• “The Indian Immigration Fund was formed by the government to help overcome labour shortages in Malaya and it marked the beginning of 31 years of “assisted migration” from India to Malaya. The Tamil Immigration Fund Ordinance was approved in 1907, which led to establishment of Indian Immigration Committee (IIC) later it known as the Tamil Immigration Fund. The Committee brought together all the Departments of Indian Immigration in the Straits Settlements and the Federated Malay States for discussion on all matters pertaining to labour issues and the welfare of Indian labourers. The IIC consisted of British administration officials and unofficial members such as rubber plantation owners and community leaders. In 1907, the IIC established the Tamil Immigration Fund (TIF), sponsored by rubber plantation owners and the British government, to finance the cost of bringing Indian labourers to work on the estates in Malaya. This invariably established a state controlled structure for the mass recruitment of “free” South Indian labour. The fund provided free passage for Indian labourers intending to come in Malaya even though the recruiting of workers was carried out by licensed kangani with the approval of individual planters. All employers of Indian labour were charged a quarterly charge to cover the travel and related costs Indian labour immigrants to Malaya. The IIC was authorised to manage the movement of assisted labour migrants to Malaya by monitoring the number of recruiting licenses given to the kangani and also the recruiting allowance or subsidy to migrants. Crucially, this legislation resulted in Indian labour migration evolving into two distinct categories, namely recruited and nonrecruited migrants.” (Himanshu Prabha Ray, Susan Mishra @ ASEAN-India Centre at RIS, 2019: |"WORKING PAPER VII: INDIAN LEADERS IN MALAYSIA").
  • “A notable development in labour policy was the establishment in 1907 of a centralised semi-official body, the Indian Immigration Committee (IIC), to facilitate and supervise South Indian labour recruitment. The IIC’s activities were strengthened in 1908 when, with the backing of employers, a Tamil Immigration Fund (the name was changed to the Indian Immigration Fund in 1910) was started to provide free passages for labourers to Malaya. All employers of Indian labour were charged a quarterly levy to cover the travel and related costs of free Indian labour migration to Malaya. This recruitment of voluntary workers was cheaper than the kangani system since intermediaries were bypassed, and additionally, the hold of the kangani over workers declined.” (Amarjit Kaur @ Modern Asian Studies 40, 2 (2006) pp. 425–475: |"Indian Labour, Labour Standards, and Workers' Health in Burma and Malaya, 1900–1940").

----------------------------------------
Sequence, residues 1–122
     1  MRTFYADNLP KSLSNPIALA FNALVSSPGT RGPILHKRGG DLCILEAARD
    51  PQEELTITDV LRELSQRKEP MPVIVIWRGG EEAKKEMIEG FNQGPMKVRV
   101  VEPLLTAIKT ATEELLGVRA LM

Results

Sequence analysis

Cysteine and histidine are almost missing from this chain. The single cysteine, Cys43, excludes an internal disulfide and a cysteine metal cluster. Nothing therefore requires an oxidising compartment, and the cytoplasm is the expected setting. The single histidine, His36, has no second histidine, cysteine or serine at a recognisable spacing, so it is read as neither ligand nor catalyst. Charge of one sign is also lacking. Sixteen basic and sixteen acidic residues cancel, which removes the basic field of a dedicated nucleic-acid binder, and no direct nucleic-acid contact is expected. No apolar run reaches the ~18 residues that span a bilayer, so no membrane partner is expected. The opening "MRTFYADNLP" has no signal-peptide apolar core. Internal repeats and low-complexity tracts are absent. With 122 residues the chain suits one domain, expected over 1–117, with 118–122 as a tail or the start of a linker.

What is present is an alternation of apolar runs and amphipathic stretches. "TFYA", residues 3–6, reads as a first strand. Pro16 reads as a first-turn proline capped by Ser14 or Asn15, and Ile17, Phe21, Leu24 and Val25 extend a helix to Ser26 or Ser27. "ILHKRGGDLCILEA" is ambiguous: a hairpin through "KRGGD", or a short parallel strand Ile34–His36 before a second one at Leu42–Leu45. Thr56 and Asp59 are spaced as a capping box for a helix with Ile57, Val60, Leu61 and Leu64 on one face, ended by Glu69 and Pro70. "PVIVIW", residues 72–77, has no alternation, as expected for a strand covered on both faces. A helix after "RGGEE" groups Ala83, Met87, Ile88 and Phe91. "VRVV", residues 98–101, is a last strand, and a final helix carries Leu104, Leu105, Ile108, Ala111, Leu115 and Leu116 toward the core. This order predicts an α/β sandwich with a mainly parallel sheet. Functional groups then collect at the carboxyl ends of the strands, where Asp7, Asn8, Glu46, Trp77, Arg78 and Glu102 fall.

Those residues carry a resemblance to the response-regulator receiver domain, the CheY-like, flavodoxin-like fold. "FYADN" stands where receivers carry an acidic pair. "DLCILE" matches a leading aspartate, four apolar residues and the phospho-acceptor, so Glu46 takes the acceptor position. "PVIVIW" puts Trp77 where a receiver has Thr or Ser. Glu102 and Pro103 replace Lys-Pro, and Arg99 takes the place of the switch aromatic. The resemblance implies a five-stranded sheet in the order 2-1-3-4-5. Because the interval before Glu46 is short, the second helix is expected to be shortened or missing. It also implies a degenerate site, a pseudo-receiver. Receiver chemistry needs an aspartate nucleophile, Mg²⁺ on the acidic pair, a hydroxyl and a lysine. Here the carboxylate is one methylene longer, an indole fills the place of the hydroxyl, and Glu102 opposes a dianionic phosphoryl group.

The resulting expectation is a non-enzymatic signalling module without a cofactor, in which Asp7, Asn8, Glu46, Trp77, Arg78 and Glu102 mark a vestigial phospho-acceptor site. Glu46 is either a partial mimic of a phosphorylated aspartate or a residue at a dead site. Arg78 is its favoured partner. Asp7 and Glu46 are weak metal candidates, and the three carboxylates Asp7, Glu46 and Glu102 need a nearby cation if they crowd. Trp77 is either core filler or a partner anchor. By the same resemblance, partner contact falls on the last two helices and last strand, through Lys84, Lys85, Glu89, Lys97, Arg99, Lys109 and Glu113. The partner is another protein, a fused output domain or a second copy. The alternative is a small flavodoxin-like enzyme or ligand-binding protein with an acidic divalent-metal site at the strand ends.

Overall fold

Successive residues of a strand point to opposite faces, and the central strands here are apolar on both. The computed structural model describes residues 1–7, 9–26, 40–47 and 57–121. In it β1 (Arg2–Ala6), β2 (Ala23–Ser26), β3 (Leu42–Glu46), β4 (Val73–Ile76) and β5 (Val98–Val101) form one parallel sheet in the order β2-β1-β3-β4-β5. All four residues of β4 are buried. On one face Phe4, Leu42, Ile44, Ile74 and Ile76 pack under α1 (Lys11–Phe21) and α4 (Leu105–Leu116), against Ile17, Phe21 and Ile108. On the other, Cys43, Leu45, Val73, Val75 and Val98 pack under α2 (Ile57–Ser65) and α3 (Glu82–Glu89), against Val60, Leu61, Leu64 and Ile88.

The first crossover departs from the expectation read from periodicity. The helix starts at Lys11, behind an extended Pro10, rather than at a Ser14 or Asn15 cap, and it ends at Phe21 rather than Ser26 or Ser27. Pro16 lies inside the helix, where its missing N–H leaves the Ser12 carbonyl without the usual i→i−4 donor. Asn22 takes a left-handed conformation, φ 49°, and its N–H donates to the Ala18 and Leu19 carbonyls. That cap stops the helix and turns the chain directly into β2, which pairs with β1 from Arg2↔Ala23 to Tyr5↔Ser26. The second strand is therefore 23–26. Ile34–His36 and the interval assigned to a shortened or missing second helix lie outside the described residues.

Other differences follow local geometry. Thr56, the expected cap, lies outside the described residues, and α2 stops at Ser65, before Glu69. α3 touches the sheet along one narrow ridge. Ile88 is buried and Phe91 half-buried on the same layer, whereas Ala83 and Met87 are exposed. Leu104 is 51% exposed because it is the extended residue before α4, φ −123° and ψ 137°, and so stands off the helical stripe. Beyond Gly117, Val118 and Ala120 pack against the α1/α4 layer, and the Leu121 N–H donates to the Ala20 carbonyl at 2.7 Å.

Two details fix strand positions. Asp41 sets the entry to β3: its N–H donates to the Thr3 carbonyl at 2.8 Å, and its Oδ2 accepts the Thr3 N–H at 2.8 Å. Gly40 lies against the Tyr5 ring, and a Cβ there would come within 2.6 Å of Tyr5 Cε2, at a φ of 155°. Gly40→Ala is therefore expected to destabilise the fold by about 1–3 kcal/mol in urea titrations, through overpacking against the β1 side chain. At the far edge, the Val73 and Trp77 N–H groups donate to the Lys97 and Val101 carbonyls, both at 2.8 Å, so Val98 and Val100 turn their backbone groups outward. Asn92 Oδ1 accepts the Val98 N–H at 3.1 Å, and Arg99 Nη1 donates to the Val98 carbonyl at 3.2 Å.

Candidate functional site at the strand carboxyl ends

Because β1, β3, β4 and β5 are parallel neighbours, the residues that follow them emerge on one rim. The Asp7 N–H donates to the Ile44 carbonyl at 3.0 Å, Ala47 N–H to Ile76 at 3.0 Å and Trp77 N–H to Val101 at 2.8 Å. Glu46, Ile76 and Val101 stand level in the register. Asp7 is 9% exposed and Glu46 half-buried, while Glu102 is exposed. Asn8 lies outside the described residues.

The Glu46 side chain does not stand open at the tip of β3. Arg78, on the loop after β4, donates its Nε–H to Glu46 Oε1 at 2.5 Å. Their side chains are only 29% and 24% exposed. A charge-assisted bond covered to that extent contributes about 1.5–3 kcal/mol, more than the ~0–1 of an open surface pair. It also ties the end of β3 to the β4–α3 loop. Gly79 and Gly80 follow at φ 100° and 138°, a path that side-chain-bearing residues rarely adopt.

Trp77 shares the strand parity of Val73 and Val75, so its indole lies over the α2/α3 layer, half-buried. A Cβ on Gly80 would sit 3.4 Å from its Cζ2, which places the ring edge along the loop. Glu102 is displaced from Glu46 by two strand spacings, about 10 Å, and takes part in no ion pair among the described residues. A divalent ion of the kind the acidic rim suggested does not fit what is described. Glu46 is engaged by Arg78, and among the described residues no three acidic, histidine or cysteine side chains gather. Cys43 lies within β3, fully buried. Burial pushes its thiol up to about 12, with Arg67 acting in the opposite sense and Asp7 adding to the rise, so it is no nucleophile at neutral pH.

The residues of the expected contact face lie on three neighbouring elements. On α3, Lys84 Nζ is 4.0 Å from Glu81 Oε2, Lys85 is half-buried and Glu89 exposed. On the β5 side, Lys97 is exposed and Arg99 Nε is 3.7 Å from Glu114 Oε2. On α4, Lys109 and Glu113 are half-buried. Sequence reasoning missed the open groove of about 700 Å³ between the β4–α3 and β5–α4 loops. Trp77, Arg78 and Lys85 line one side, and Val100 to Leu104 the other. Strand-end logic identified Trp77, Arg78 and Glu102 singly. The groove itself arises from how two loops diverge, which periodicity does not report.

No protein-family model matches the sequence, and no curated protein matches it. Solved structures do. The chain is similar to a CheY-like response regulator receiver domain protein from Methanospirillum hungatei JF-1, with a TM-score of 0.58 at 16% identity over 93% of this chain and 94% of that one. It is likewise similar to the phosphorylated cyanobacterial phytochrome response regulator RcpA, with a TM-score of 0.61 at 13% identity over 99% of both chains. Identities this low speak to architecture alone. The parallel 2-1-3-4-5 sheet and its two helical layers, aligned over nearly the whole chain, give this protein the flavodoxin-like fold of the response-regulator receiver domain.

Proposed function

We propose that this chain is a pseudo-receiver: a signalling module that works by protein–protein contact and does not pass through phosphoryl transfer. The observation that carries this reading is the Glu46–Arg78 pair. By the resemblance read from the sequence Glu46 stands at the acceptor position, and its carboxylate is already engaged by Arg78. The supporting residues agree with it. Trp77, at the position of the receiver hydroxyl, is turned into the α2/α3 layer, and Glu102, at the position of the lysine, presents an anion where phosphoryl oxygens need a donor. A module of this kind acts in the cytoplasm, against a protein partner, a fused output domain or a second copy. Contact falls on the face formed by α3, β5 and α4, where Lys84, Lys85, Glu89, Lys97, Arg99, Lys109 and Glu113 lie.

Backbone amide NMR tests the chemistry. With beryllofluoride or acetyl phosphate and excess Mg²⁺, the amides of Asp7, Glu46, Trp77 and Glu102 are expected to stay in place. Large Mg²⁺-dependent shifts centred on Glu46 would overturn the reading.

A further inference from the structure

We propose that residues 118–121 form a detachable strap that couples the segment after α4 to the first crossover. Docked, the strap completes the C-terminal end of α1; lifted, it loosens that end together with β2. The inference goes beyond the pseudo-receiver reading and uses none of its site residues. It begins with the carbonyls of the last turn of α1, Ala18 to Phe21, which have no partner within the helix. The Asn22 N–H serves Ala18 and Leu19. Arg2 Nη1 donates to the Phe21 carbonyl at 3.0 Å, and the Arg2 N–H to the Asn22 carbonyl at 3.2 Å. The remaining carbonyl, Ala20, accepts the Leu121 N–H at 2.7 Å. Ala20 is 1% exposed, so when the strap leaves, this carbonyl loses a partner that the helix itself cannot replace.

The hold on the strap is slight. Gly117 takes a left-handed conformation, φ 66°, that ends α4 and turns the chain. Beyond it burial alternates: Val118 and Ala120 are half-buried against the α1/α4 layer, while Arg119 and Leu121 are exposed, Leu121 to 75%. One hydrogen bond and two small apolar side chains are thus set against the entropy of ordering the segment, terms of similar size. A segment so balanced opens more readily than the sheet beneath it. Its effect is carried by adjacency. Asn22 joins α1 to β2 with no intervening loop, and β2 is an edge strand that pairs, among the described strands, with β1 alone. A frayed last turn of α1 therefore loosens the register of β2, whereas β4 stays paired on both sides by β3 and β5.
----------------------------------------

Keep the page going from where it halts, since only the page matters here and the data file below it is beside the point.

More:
1911-12-31: Laporan Pemeriksaan

Menurut laporan pemeriksaan pekerja ladang West Country dan Belmont, terdapat 248 orang pekerja Tamil di Belmont Estate ketika ini.

(Sumber: PEJABAT SETIAUSAHA KERAJAAN NEGERI SELANGOR, 31/12/1911: |"BELMONT ESTATE - SUPERINTENDENT, INDIAN IMMIGRANTS' INSPECTION REPORTS ON, FOR 1911").

1912-12-04: Masalah Penjarangan

Kaedah penjarangan pokok-pokok getah bermasalah yang pernah diamalkan di Ladang Belmont didapati telah menambahkan sedikit hasil getah, namun dengan tanggungan risiko jangkitan penyakit melalui bekas cantasan tersebut. Kaedah alternatif yang dicadangkan ialah penebangan dan pemusnahan pokok yang bermasalah, hingga ke akarnya: “Some interesting figures are given as to yields obtained from old rubber, twelve acres having produced an average of 6.41 lbs per tree, equivalent to 522 lbs. per acre on a section of the Belmont estate, where wide planting 20ft by 20ft, or 108 trees to the acre, has been adopted ; average yield per acre was 617 lbs. This is claimed to justify the policy of thinning out. In the thinning out system practised by Mr. Skinner, the weakest trees are selected, instead of pursuing an arbitary rule of thumb method. But the small yields obtainable from the pollarded stumps offer doubtful compensation for the loss resulting from the arrested benefit to the permanent trees. The impaired vitality of the pollarded trees renders them more liable to disease. Unless the trees are stumped and all dead roots eradicated, a congenial ground offers for fomes and an easy communication channel is spread to the living roots of the remaining trees. Tapping the selected tree to death, uprooting and burning, roots, trunk and branches once for all would seem preferable.” (The Singapore Free Press and Mercantile Advertiser, 4 December 1912, Page 3: |"London Financial Letter").